In “Welcome to the Occupation”, the singer returns several times to the concept of fire – a Document theme, hence the direction of the LP cover to “File under fire” – in lines such as “Fire on the hemisphere below” and “The forest for the fire.” This seems to refer to the global vicious nature of conflict, but also, in a “forest for the trees” view, could nod to the environmental disaster that occurs with the depletion of rainforests.

Just in case Stipe’s angry tone and distressing imagery could be misinterpreted, he made the decision to light up his subject. In concert, he presented “Welcome to the Occupation” referring to the United States and El Salvador. He helped the press release promoting Document‘ in August 1987, “for them to say, ‘this is a song about American intervention in Central America’.” The performer, who in the past had been accused of mumbling his lyrics or making queues on the fly, no longer wanted to be misunderstood.

As Stipe’s vocals and lyrical intentions focused, so did REM’s sound, which achieved clear strength on Document this had not previously been a feature of the band’s aesthetic, at least on record. While Buck’s minor-key twisted tangle and jangle identifies the song as something solidly in the REM’s wheelhouse, he also lets his guitar growl a bit, especially coming out of the instrumental break that leads into the end. last minute of the song. It’s as if his frustration rises with the track.

Whether Mike Mills‘ the bass isn’t as muscular as on some of the other tracks on the album – notably those with a funk tinge – it remains propulsive and the bassist is probably also responsible for the warbling organ that hovers in the middle of the song and gets louder to highlight Stipe’sListen to me” codified.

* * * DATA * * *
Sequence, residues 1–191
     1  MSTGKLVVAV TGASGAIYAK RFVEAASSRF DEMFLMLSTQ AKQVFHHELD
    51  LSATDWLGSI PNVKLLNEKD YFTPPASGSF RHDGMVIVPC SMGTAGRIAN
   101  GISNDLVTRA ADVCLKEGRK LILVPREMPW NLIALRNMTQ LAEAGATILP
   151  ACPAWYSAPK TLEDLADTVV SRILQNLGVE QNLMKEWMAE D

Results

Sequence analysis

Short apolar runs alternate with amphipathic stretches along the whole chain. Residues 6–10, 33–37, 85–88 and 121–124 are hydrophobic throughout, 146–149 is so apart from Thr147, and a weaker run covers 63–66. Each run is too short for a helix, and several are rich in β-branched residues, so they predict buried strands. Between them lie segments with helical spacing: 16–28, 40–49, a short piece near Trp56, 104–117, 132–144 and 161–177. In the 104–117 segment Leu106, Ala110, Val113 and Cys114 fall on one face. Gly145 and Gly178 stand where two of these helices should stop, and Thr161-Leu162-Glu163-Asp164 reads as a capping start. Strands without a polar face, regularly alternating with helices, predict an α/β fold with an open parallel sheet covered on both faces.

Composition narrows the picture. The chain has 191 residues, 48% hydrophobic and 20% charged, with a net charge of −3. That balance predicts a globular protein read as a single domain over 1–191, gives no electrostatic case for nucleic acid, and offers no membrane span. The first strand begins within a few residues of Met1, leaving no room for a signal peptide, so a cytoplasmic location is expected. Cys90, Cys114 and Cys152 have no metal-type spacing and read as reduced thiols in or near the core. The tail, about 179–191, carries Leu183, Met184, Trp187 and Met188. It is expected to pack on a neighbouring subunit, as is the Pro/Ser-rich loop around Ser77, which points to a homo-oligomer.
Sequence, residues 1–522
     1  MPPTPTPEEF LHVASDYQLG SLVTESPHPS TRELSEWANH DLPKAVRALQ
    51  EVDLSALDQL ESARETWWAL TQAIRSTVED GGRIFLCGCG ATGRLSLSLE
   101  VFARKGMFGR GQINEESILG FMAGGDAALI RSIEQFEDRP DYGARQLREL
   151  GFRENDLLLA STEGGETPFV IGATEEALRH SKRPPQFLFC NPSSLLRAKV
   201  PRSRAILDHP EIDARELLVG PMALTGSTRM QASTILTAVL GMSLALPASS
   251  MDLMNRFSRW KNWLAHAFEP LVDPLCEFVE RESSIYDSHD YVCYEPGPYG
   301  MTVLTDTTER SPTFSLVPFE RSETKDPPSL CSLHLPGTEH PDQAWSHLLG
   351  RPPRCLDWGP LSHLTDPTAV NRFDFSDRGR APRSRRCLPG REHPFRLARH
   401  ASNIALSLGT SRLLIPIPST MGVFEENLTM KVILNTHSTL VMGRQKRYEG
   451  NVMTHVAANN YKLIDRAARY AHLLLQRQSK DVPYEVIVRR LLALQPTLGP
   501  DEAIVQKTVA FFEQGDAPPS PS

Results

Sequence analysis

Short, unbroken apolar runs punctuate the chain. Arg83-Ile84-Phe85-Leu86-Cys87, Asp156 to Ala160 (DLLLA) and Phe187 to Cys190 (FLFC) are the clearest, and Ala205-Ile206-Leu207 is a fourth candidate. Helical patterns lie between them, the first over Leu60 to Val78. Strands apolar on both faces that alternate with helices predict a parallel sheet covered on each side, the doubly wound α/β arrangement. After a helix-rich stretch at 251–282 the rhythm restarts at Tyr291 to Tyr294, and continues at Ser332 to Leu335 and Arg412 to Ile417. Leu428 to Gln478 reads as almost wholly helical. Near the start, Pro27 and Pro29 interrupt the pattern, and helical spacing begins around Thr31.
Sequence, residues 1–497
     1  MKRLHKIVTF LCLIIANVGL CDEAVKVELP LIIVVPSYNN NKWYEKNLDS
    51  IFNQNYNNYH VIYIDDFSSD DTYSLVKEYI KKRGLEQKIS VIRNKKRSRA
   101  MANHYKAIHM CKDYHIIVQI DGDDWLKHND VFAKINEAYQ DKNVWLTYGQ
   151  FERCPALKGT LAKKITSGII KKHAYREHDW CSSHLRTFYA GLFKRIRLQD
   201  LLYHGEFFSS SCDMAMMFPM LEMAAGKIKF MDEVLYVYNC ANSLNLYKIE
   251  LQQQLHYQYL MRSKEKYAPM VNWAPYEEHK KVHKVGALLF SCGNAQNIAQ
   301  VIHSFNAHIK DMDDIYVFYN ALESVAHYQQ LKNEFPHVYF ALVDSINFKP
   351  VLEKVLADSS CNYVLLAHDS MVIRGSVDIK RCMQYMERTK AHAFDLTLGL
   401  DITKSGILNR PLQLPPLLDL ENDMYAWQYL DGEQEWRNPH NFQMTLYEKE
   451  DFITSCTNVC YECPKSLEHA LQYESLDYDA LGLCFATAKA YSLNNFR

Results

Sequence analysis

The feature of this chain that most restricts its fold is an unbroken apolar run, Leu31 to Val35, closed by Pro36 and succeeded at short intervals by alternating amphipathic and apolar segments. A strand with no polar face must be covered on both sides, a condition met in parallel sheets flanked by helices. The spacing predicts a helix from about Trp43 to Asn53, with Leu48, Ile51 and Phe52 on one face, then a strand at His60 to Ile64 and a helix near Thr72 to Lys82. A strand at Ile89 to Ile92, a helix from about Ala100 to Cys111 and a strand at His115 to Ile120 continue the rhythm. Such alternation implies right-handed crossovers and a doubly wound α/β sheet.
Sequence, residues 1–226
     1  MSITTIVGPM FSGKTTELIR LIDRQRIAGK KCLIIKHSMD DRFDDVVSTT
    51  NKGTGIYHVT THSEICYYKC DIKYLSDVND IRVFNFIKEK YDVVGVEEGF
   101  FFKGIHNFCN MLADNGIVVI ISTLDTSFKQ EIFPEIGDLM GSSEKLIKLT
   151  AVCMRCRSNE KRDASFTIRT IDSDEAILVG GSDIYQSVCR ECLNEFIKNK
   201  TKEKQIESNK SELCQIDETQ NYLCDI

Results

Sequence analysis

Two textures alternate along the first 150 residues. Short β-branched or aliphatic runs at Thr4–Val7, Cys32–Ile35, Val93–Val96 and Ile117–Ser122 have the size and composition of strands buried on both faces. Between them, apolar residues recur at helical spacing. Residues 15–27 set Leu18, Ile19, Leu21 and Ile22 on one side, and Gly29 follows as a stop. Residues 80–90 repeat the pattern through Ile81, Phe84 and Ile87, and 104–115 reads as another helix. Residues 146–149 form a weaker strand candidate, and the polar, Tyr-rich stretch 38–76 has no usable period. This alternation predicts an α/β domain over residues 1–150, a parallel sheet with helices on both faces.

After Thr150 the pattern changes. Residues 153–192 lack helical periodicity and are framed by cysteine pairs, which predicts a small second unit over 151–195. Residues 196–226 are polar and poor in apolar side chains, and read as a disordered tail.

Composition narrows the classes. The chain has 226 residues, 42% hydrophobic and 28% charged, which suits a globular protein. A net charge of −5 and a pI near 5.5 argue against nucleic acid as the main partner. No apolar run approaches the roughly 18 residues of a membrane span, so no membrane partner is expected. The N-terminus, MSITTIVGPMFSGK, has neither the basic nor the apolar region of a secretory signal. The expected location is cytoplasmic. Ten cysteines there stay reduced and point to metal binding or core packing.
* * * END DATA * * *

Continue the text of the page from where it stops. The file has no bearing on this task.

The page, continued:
But it’s the drums that really push “Welcome to the Occupation.” Credit Bill Berry’s smooth and precise playing, as well as those jerky transitions, but also the efforts of Scott Litt in his role as co-producer. When REM and their new collaborator Litt entered Nashville’s Sound Emporium studio in March 1987, Litt set out to give greater definition to the band’s sound with an emphasis on Berry’s drums and vocals. by Stipe. On this title, the percussions crackle while the singer declares, denounces and moans.

Litt and the band were thrilled with the results, with Stipe declaring the partnership “monumental” and the two parties continuing to work together well into the late 90s. The sound of “Welcome to the Occupation” was big, but it all started with Stipe’s approach to a song about important issues. Looking back, the frontman describes REM’s fifth album as an era of significant growth for him as a songwriter, who could create lyrics that “actually resonate on a very deep level.”

“I started realizing around Document that I had skills and honed them,” Stipe said. The Guardian in 2016. “Over time it turned from skill to art and my job was to forget about it all and let instinct take over, and that’s where the great songs came in.”

It’s clear that REM consider “Welcome to the Occupation” one of their “great songs”, a warning against American intervention which they performed frequently while touring in 1987, 1989, 1995 and the 2000s. during the wars in the Middle East. Never released as a single, the song was nevertheless chosen to appear on the 2006 compilation And I feel good… The best of the IRS years 1982-1987.